The country was a revelation; a hidden gem with few tourists. There was hardly any traffic and the scenery was simply stunning. The first three days were spent cycling along the undulating Adriatic coast down into coves with empty beaches and up again until we reached the Greek border where Corfu was almost within touching distance.
At this point we turned left and headed inland to the beautiful hills and canyons, the springs, the goatherds and the empty silence. The World Heritage sites of Butrint and Girokaster were not only awe-inspiring but uncommercial and deserted. Perhaps arriving at Butrint near sunset is the trick. I wasn’t expecting the food to be up to much but it was great – think Greek and Turkish – probably the best tomato salads I have ever tasted. Like everything else, the beer really is cheap. Even though it’s a Muslim country, everyone seems to drink beer and wine!
Mike’s notes and tips: Take your own pedals. Don’t take much money – about £120 is sufficient. There’s no Wi-Fi most of the time, so leave the iPad behind. Some of the hotels are quirky and some are great. It’s what you would expect in a former communist country.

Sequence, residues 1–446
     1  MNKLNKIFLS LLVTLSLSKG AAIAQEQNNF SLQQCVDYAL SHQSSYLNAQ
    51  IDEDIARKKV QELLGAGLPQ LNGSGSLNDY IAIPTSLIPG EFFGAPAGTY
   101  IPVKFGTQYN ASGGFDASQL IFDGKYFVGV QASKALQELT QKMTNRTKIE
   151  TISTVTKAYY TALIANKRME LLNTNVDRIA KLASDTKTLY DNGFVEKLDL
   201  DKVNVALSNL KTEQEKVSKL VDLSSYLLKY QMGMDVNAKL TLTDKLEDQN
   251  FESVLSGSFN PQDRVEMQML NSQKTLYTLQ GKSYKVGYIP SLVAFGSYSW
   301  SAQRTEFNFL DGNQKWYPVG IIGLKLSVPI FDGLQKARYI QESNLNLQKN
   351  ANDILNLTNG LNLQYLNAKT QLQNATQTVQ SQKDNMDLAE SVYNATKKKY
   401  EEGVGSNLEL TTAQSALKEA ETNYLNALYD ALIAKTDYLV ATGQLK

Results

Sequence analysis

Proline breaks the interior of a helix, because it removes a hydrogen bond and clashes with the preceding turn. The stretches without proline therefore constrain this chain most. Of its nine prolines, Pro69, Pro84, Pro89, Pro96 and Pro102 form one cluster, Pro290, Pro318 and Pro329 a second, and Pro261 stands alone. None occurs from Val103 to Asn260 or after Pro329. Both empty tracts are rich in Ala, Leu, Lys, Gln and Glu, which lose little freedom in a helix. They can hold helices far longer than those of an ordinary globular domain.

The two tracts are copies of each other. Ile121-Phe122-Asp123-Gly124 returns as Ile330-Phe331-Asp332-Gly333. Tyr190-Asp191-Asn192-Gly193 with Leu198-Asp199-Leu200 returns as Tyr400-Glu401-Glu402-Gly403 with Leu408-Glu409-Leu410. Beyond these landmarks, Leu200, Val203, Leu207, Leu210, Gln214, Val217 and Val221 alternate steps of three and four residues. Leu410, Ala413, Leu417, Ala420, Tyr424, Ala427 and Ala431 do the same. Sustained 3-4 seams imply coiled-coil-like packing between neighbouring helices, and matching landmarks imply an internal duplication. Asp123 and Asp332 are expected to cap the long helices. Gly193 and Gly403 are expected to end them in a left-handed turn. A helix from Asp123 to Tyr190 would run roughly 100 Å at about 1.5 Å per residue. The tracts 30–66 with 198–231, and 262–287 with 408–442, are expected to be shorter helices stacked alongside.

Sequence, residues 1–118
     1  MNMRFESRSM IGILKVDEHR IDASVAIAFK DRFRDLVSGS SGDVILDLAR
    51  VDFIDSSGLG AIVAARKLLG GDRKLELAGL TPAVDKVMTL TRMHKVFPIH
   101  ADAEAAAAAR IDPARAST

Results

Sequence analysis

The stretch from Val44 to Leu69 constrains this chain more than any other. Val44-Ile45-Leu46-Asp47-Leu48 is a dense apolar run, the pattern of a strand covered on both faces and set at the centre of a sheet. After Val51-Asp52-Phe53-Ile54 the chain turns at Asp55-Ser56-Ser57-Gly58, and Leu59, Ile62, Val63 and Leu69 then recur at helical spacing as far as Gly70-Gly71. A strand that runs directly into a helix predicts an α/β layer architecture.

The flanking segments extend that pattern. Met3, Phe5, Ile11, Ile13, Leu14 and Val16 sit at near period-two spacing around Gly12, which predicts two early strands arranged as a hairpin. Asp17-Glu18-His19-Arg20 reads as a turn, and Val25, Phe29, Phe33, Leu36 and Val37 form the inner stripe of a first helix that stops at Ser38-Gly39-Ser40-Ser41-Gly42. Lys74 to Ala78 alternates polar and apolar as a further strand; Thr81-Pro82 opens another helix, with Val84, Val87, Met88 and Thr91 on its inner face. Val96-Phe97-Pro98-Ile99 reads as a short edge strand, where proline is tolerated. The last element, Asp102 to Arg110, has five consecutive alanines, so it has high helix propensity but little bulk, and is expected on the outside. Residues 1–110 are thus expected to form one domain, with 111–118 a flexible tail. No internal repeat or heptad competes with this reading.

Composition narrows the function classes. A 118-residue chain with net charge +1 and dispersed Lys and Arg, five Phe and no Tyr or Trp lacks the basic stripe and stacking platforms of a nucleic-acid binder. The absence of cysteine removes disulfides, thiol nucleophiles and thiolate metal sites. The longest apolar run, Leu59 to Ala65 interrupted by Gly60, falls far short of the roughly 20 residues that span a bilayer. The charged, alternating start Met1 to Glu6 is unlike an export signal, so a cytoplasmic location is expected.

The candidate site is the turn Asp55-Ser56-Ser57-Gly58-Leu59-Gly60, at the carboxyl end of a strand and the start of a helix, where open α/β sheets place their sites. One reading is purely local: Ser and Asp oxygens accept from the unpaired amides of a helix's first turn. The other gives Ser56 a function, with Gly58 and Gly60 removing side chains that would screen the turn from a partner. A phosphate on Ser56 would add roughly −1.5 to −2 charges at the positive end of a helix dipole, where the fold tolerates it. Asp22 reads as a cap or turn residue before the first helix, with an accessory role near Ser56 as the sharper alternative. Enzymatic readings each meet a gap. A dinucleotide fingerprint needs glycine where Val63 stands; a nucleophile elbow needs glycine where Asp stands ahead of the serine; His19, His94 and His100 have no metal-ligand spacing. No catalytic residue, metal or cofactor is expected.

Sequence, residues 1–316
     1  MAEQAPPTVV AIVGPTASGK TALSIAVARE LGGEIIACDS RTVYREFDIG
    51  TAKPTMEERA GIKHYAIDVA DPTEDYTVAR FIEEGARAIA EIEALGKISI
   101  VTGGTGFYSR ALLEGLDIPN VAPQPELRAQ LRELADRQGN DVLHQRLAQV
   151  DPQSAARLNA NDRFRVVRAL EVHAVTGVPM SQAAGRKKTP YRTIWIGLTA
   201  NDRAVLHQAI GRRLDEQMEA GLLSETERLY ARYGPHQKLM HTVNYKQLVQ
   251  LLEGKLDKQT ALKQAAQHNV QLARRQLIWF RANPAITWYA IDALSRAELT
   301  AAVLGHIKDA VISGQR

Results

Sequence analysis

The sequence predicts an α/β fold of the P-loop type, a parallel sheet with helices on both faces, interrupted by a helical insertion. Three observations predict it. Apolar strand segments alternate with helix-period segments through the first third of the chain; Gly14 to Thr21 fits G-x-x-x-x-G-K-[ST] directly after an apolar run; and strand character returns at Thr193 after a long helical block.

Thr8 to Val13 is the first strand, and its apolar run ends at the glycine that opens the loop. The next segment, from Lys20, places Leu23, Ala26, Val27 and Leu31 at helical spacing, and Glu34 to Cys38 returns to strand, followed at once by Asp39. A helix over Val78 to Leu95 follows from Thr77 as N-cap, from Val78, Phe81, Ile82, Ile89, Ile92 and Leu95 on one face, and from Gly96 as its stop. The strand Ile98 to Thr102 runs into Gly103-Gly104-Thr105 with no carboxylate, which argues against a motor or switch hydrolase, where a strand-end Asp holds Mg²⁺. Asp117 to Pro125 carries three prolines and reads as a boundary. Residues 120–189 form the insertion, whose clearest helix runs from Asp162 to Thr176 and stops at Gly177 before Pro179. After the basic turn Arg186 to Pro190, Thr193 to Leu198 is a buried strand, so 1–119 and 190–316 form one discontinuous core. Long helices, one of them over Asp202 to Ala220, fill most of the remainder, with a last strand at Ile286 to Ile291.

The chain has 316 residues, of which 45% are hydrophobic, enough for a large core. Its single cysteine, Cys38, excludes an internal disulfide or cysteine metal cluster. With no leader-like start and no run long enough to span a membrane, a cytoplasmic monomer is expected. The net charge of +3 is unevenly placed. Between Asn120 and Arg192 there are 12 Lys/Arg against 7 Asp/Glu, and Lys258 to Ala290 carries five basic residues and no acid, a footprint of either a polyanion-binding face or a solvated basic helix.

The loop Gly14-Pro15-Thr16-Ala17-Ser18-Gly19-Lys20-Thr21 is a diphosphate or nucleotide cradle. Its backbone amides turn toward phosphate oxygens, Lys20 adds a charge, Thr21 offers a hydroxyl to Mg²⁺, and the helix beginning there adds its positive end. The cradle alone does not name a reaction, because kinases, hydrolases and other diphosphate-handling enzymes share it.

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CICE – Cycle Iceland (Aug 2012)
I would have to include this in my top three. I'm not much of a mountain biker, preferring speed and smooth tarmac under my tyres, but this trip converted me. Despite the moderate grading, no MTB technical expertise is required, although there were times when we had to get off and walk. It’s not always possible to cycle up a steep black lava sand slope!
Five days and nights are spent cycling and camping in a remote area of the country, away from civilisation, roads, mobile phones, comfort(!) and – for most of the time – people. Camping really does mean camping: we put up our own tents and helped with the usual camp duties (washing up after meals for me). Of course there are those who develop the technique of getting others to put up and pack away their tents!
Then in the morning after a hearty breakfast and a quick wash in cold water it’s onto the bikes for another day of ever changing landscapes – through black volcanic deserts, past green volcanoes, rocky moon-like fields and alongside vast glaciers. The common theme is the myriad of ice-cold glacial streams. Very quickly we learnt to just keep cycling through these without pausing. Exhiliarating!